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Do Combination Contraceptives Cause Weight Gain?
Am Fam Physician. 2004 Dec 1;70(11):2211-2215.
Many women and physicians believe that a common side effect of combination oral contraceptive pills (OCPs) and contraceptive patches is weight gain. This is the most common reason for not initiating the use of combination OCPs or patches, or for discontinuing their use at an early stage. However, the association between combination OCPs and weight gain has not been scientifically established. In fact, women who stop using combination OCPs may be more likely to gain weight than those who continue to use them. Gallo and colleagues studied the association between the use of combination OCPs and patches and weight changes.
To identify randomized controlled trials (RCTs) of combination OCPs or patches that included data on weight changes, the authors searched relevant databases and contacted appropriate study investigators and combination OCP and patch manufacturers. RCTs were included if they were of good quality and covered at least three treatment cycles. Data were abstracted from eligible trials by two independent reviewers who used standard formats. Investigators were asked to provide additional unpublished data when necessary.
From the 570 reports identified, 42 RCTs were reviewed for further information. Methodologic quality was generally poor. Change in body weight was a primary outcome in only one trial but could be calculated in the others. The method of measuring body weight and the efforts to obtain consistent, reliable, and valid weight measurements were not well described in any of the trials. The researchers abstracted weight-change comparisons for 45 pairs of combination OCPs or patches and placebo from four studies using pills and one study using a patch. No evidence was found to support weight gain. In addition, the researchers examined data from nine studies of early discontinuation of combination OCPs and patches that included weight gain as a reason for discontinuation. Less than 5 percent of women in each study reported discontinuing the use of combination OCPs or patches because of weight gain.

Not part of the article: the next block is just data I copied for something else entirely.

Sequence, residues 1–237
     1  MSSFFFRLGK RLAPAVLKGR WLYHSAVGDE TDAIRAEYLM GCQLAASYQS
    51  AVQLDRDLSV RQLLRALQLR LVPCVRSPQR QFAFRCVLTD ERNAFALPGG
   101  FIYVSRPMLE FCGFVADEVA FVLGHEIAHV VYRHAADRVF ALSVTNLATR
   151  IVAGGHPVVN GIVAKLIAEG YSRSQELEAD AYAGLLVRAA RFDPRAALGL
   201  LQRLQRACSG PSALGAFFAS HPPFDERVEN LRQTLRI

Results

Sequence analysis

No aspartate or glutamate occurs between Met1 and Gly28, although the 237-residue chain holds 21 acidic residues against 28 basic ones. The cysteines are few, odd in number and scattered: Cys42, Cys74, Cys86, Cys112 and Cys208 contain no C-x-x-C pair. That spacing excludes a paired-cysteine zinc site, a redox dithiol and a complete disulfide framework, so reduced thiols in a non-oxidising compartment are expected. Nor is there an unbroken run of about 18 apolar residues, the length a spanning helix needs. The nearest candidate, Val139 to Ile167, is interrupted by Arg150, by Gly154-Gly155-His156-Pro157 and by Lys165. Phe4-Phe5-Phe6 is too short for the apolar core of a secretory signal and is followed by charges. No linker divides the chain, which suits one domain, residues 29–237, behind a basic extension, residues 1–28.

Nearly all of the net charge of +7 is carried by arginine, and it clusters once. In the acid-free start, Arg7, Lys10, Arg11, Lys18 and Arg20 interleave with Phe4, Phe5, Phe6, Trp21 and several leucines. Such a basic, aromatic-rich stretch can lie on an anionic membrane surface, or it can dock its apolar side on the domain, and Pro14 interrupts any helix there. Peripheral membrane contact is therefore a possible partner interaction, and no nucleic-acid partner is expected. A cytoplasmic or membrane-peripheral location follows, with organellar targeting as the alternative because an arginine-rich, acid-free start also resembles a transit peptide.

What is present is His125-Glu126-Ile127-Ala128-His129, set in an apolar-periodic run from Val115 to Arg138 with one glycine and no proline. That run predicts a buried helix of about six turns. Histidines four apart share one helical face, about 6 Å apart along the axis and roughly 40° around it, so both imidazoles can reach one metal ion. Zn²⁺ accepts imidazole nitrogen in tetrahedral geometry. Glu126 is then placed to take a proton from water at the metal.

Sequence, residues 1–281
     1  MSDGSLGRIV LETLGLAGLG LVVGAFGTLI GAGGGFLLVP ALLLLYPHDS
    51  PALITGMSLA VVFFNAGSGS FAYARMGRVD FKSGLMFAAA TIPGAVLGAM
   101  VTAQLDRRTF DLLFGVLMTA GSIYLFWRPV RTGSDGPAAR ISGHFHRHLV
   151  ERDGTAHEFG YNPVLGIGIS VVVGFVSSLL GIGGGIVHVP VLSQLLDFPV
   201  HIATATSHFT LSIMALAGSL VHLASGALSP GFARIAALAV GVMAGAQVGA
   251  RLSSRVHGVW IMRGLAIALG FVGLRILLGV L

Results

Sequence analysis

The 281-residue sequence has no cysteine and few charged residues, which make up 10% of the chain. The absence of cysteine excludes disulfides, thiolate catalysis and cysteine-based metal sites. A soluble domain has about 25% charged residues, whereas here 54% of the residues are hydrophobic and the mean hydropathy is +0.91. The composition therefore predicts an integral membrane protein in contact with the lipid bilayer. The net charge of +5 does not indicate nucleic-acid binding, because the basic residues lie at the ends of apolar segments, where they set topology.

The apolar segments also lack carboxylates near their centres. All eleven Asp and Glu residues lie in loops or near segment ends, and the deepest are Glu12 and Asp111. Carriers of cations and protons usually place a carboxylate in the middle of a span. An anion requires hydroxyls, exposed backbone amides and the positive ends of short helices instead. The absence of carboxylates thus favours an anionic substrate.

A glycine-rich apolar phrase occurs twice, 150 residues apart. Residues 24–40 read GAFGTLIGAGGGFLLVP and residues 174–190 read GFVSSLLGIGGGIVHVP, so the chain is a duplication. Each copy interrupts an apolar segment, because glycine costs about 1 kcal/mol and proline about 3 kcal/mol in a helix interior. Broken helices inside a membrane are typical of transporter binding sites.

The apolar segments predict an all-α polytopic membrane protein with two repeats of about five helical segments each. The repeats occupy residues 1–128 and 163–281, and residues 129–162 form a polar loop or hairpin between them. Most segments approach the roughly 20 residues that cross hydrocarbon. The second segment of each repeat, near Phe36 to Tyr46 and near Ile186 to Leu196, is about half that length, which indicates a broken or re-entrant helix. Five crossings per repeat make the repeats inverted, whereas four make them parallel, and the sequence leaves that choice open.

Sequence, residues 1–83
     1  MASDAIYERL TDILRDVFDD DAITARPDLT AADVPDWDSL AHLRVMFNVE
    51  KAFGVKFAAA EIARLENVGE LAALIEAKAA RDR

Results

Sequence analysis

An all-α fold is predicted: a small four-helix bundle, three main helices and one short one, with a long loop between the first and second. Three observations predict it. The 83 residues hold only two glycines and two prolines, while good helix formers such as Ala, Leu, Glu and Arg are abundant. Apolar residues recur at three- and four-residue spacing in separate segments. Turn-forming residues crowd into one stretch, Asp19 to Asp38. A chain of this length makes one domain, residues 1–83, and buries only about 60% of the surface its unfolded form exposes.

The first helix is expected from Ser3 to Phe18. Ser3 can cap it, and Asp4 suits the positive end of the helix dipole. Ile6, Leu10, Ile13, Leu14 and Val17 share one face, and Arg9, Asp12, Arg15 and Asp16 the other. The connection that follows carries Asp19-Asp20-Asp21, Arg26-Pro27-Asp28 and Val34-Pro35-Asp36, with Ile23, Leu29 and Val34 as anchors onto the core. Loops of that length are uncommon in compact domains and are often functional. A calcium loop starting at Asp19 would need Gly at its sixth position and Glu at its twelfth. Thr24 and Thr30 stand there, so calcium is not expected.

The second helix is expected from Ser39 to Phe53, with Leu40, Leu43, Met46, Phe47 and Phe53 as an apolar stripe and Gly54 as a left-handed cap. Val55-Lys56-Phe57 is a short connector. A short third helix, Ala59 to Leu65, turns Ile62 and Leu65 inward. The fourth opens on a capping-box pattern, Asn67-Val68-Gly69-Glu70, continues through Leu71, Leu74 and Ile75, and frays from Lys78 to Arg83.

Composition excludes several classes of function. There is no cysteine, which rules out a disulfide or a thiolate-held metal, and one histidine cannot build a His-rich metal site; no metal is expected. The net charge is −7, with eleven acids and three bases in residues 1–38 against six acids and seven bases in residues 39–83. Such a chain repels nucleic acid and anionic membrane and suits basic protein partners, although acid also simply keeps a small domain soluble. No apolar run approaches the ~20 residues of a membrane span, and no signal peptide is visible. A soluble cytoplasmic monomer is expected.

The authors conclude that insufficient evidence exists to support the common belief that use of combination OCPs and patches is associated with significant weight gain. The authors note that this topic has not been studied extensively and that their conclusions are largely based on studies conducted 30 years ago, when high-dose estrogen was used. Weight gain with modern low-dose products is unlikely, and patients can be reassured.
ANNE D. WALLING, M.D
Gallo MF, et al. Combination estrogen-progestin contraceptives and body weight: systematic review of randomized controlled trials. Obstet Gynecol. February 2004;103:359–73
editor’s note: Potential weight gain is a serious concern for some women. These women may choose less reliable contraceptives (thereby risking an unintended pregnancy) because they do not want to gain weight. However, we have only tenuous evidence with which to counter their fear. It is unacceptable to base our advice to patients on flawed studies from 30 years ago that used different OCP formulations than those that are available today. Because women are weighed at almost every office visit, a practice-based research team could conduct a study (even a retrospective analysis) to answer this question.—a.d.w.
Copyright © 2004 by the American Academy of Family Physicians.
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